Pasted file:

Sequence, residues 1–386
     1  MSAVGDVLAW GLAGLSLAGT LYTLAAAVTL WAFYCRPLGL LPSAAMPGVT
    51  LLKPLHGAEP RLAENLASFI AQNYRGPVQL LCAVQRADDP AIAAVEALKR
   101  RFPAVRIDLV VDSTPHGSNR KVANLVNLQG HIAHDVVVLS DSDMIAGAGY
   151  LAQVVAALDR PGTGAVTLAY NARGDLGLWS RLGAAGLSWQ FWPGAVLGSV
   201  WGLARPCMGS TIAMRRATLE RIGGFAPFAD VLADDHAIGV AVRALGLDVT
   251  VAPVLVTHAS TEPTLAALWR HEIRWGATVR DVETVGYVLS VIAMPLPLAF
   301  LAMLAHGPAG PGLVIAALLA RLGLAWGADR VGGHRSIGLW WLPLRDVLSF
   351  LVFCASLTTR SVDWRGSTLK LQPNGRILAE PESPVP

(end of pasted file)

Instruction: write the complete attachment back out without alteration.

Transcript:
Sequence, residues 1–386
     1  MSAVGDVLAW GLAGLSLAGT LYTLAAAVTL WAFYCRPLGL LPSAAMPGVT
    51  LLKPLHGAEP RLAENLASFI AQNYRGPVQL LCAVQRADDP AIAAVEALKR
   101  RFPAVRIDLV VDSTPHGSNR KVANLVNLQG HIAHDVVVLS DSDMIAGAGY
   151  LAQVVAALDR PGTGAVTLAY NARGDLGLWS RLGAAGLSWQ FWPGAVLGSV
   201  WGLARPCMGS TIAMRRATLE RIGGFAPFAD VLADDHAIGV AVRALGLDVT
   251  VAPVLVTHAS TEPTLAALWR HEIRWGATVR DVETVGYVLS VIAMPLPLAF
   301  LAMLAHGPAG PGLVIAALLA RLGLAWGADR VGGHRSIGLW WLPLRDVLSF
   351  LVFCASLTTR SVDWRGSTLK LQPNGRILAE PESPVP